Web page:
The mice at prostrous phase (n=6 for each group) were considered for transplantation in two groups of study as follows: In model A) the mice were received 3 pieces of endometrial tissue fragments (1-2 mm3) subcutaneously on one side of gluteal region via a dorso-horizontal incision then the wound was closed. In model B) the endometrial cells were harvested by 0.05% trypsin digestion and washed three times with PBS at the end of fourth passage.

Approximately 20 µL of endometrial cell suspension which containing 2×106 cells was injected by an insulin syringe subcutaneously on the one side of gluteal region via a dorso-horizontal incision then the wound was closed (48). Transplanted mice were maintained under sterile conditions for 20 days. Then the mice were sacrificed and the endometrial lesions were collected and randomly fixed for light microscopic study or kept at -80ºC for molecular analysis.

Light Microscopic study

Human endometrial fragments before transplantation as control (n=6) and tissue lesion in two endometriosis models (n=3 for each group) were fixed in 10% formalin and embedded in paraffin wax. Tissue sections were prepared serially at 5 μm thickness and every fifth section of each sample was mounted on a glass slide and stained with hematoxylin and eosin and observed under light microscope with 100 magnification. In each tissue section, three fields of microscope were considered for evaluation of gland sections.

The photos of each section were prepared and imported into Image J software. The area of each section was measured in units of pixels and converted to millimeters based on the conversion determined by measuring the image of the calibrated millimeter then the mean number of glands per mm2 was counted in each sample. For study of gland secretion another set of paraffin embedded tissue sections was prepared and mounted on a glass slide and stained with Periodic acid-Schiff (PAS) reaction and observed under the light microscope.

Hormonal assay

Prior to mouse tissue sampling at prostrous phase, the blood samples were collected from the heart apex of mice then their sera were separated and kept at -20oC until hormonal analysis (n=6 for each model). The sera of non-transplanted mice (n=4) at prostrous phase were collected and considered as control. The concentrations of 17-β estradiol of sera were measured by an enzyme-linked immunosorbent assay kit (ELISA; Monobind, USA, sensitivity=6.5 pg/ml).

RNA extraction and cDNA synthesis

The mRNA levels of two endometriosis-related genes including OPN and MMP2 to housekeeping gene (GAPDH) were analyzed and compared in normal human endometrial tissue (before transplantation as control 1), human endometrial stromal cells (control 2) and endometriosis lesions derived from two endometriosis models (n=3 in each model).

RNA extraction was performed using an RNeasy MiniKit (Qiagen, Valencia, CA, USA), according to the manufacturer’s instructions. Using oligo dT, RNA was reverse-transcribed by Revert Aid M-MuL V reverse transcriptase using specified primers. Primers were synthesized based on human mRNA coding sequences. GAPDH gene was used as an internal control. The primers for real-time RT-PCR were designed using GenBank ( and Allele ID software (Table I) and ordered and synthesized by CinnaGen Co. (Iran, Tehran).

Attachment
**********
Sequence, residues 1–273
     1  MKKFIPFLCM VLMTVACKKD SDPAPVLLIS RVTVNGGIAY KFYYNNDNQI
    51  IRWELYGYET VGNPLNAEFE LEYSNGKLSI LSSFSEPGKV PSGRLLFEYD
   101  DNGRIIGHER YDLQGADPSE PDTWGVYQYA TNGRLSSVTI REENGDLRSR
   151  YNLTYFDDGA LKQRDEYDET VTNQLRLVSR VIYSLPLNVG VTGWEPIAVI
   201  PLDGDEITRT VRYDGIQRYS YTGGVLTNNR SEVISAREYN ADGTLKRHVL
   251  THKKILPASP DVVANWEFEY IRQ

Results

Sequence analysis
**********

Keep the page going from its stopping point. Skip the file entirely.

Table I
Oligonucleotide primer sequences for real time RT-PCR

Real Time RT-PCR

The real time RT-PCR was done by QuantiTect SYBR Green RT-PCR kit (Applied Biosystems, UK) after CDNA synthesis. The GAPDH was considered as reference gene and were amplified with the target genes in the same run. Real time thermal condition was including holding step: 95oC, 5', cycling step: 95oC 15', 58oC 30', 72oC 30' and it was continued by a melt curve step: 95oC 15', 60oC 1', 95oC 15'. Then the expression of the genes were analyzed by Pfaffel method. These experiments were done at least in three times.

Ethical consideration

This study was approved by the ethics committee of medical faculty of Tarbiat Modares University (Ref no=52/11224). Informed written consent was obtained from each woman.

Statistical analysis

Statistical analysis was done with SPSS software (Statistical Package for the Social Sciences, version 19.0, SPSS Inc, Chicago, Illinois, USA). Quantitative variables were expressed as means±SD. The mean number of glands per mm2 and the results of the real time RT-PCR were compared by one-way ANOVA and the post hoc Tukey test. Mean hormone levels were compared using independent samples student’s t-test. P≤0.05 was considered significant.


The morphology of cultured human endometrial cells

After 24 hr some cells were adhered to the floor of plate and the population of these cells were heterogeneous in appearance (Figure 1A). After 3-4 passages, these cells became morphologically similar (Figure 1B).

Figure 1
Phase contrast imaging of cultured human endometrial cells at first passage (A) and fourth passage (B).

The proportion of CD90+ endometrial stromal cells using flow cytometry